However, Bloomberg and the New York Times said that Canadian law might allow disclosure, and that if the donors had wanted to give directly to the Clinton Foundation, they could have and still received the tax benefit of giving to charity.

Clinton Health Access Initiative: Report material increases from current donors and new donors, and notify the State Department

The Clinton Health Access Initiative failed to update its donor lists from 2010 to 2013, as Reuters has reported. During that time, five new countries made donations: Papua New Guinea, Rwanda, Swaziland, Sweden and Switzerland (six if you count Flanders, which is part of Belgium).

Two other nations, the United Kingdom and Austria, significantly increased their giving.

The State Department should have been notified in each instance but was not.

Much of the health access initiative’s work focuses on providing drugs and otherwise treating people facing HIV/AIDS, but it also trains local health workers. Asked why it hadn’t updated it donor lists, spokeswoman Maura Daley said, "Not doing so was an oversight which we made up for this year."

Daley gave several reasons for the reporting lapses. The money from Swaziland and Papua New Guinea for small AIDS programs actually originated from other donors, Australia and the Global Fund to Fight AIDS. Rwanda gave the charity $200,000 in 2012. The initiative considered this a fee for medical work it did in the country, not a grant or donation. Sweden provided millions to train health workers, but Sweden had been a donor before 2009.

Daley said her organization should have told the State Department about Switzerland’s $340,000 donation.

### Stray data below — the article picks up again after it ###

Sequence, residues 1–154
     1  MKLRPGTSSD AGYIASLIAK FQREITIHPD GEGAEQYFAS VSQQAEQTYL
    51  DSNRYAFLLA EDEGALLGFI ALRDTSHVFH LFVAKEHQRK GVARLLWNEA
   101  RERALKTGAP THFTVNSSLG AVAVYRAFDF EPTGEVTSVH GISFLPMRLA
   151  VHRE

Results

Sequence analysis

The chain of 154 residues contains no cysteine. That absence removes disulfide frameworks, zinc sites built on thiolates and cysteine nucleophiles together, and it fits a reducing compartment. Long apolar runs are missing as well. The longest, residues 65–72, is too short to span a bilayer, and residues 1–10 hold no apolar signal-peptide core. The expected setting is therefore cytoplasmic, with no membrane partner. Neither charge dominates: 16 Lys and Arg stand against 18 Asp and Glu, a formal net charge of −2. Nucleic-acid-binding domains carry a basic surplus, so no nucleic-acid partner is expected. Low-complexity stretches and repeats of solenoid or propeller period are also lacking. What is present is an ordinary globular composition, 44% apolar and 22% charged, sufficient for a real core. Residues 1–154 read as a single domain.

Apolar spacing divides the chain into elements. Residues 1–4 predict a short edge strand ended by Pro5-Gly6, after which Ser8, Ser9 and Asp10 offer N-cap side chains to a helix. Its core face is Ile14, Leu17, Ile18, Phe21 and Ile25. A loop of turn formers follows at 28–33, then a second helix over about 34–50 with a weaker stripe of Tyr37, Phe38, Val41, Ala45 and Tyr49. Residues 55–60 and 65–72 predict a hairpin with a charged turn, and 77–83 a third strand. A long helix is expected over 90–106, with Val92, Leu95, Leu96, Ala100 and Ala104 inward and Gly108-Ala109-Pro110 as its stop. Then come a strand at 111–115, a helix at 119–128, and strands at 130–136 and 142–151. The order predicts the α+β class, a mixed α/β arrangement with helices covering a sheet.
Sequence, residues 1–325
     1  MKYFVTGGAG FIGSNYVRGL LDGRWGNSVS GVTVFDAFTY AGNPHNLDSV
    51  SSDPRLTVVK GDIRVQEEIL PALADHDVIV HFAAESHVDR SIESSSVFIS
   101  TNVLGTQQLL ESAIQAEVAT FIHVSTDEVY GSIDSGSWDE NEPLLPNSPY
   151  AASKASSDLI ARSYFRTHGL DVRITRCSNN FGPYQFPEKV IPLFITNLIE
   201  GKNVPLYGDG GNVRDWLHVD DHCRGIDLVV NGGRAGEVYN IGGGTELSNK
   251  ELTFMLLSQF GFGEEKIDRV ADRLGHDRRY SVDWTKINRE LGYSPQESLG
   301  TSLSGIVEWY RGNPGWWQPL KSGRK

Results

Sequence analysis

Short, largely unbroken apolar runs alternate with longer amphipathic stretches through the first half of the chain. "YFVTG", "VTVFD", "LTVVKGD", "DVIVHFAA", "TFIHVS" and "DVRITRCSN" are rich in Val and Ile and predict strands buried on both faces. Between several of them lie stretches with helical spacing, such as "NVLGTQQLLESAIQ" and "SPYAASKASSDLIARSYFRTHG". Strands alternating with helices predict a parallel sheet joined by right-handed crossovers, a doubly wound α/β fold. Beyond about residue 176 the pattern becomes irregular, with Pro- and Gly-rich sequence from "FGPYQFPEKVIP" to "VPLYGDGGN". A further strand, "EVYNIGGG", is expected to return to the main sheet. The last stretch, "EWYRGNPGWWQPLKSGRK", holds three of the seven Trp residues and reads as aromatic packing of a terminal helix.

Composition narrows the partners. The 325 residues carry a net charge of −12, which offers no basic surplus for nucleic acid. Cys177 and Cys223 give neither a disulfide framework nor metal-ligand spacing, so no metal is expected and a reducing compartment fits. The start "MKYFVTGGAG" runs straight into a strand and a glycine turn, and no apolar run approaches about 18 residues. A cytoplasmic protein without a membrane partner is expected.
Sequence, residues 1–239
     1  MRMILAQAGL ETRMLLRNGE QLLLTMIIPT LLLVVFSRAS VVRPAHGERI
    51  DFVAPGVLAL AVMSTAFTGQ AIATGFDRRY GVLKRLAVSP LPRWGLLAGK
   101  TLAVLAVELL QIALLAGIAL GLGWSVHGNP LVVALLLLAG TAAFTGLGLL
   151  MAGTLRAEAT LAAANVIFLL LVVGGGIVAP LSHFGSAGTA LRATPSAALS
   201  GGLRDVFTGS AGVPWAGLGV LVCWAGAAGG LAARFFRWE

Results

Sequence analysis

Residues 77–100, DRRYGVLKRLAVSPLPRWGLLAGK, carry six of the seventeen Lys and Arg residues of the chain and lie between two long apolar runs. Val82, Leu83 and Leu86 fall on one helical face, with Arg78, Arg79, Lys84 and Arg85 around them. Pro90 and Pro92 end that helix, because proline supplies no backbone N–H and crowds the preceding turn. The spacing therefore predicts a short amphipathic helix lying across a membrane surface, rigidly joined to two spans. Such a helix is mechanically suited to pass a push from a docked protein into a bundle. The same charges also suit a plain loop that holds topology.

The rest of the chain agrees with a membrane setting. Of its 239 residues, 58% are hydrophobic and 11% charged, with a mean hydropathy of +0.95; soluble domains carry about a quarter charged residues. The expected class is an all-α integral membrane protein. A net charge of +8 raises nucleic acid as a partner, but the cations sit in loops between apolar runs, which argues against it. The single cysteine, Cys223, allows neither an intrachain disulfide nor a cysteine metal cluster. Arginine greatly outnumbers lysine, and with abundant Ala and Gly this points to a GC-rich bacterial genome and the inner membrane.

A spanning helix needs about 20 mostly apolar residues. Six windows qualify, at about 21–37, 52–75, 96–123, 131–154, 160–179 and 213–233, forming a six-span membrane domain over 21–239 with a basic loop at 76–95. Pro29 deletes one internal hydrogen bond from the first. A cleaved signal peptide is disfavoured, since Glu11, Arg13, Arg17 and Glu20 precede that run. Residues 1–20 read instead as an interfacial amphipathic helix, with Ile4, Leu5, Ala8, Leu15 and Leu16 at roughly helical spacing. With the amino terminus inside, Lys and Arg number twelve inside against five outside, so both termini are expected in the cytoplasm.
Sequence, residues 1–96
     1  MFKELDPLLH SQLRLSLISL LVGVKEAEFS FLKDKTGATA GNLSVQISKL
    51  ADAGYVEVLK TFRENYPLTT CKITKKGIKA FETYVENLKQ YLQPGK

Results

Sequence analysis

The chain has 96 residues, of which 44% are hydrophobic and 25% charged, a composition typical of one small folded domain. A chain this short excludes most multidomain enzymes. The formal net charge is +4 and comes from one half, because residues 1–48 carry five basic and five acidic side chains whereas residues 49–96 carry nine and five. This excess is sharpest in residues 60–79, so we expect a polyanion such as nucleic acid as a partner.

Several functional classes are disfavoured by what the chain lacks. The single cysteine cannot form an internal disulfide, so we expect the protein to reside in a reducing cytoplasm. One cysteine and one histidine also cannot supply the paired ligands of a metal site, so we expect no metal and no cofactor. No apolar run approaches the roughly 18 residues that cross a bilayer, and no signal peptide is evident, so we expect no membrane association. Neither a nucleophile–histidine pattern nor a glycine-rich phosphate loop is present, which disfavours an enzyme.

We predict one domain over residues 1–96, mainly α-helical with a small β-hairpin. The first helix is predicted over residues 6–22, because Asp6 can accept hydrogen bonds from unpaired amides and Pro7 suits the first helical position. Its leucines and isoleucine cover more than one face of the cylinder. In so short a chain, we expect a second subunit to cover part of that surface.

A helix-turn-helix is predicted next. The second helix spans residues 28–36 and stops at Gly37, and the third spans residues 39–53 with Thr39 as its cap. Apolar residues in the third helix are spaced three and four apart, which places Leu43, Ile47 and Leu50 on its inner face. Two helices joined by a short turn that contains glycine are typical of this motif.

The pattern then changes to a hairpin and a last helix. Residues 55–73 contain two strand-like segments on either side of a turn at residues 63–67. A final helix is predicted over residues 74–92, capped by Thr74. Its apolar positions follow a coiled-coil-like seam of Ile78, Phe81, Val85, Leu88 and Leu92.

State Department spokesman Alec Gerlach told the Boston Globe, "We would have expected that CHAI identify for the department the foreign country donors that elected to materially increase their donations and new country donors."

Clinton Global Initiative: President Clinton will not solicit funds

Peter Schweizer, author of Clinton Cash, the exposé on the Clinton Foundation’s practices, told us he believed Bill Clinton also violated the prohibition on soliciting funds for the Clinton Global Initiative.

Schweizer’s evidence? Clinton continued to be the opening speaker at the start of the initiative’s annual meetings. "He is speaking at a CGI event where money is raised," Schweizer said. "That’s right on the line of soliciting funds in our opinion."

It’s unclear if Clinton’s appearance violates the agreement, however. The memorandum of understanding signed in 2008 stated that "President Clinton will continue in his role as principal host and be identified as CGI's Founding Chairman."

Also, the big money that changes hands at the annual meetings goes directly from donors to doers, like nongovernmental aid groups, and never passes through the coffers of the foundation itself.

Post-State Department

Several news organizations have noted the renewed flow of money from foreign governments to the Clinton Global Initiative after Hillary Clinton left the State Department in 2013. Most recently, Politico noted that a phosphate company owned by the Moroccan monarchy gave $1 million to fund the latest meeting taking place this May in Marrakech. The first international meeting of the global initiative was held in Rio de Janeiro, Brazil.

But whether the money comes from countries in the Middle East, Europe, Asia, Africa or South America, the terms of the 2008 agreement don’t apply.

The agreement applied during the time when Hillary Clinton was secretary of state. It is fair game to highlight the involvement of foreign governments in the Clinton Foundation and the potential for countries gaining undue influence. However, that is separate from whether the foundation did what it said it would do.

Foundation spokesman Craig Minassian said that now that Hillary Clinton is a candidate for president, the meeting in Marrakech will be the last one held on foreign soil for as long as she is running for the White House or becomes its next occupant. Minassian said that donations by foreign governments will also stop.

Our Clinton Foundation scorecard is a work-in-progress. If new revelations emerge, we’ll update it.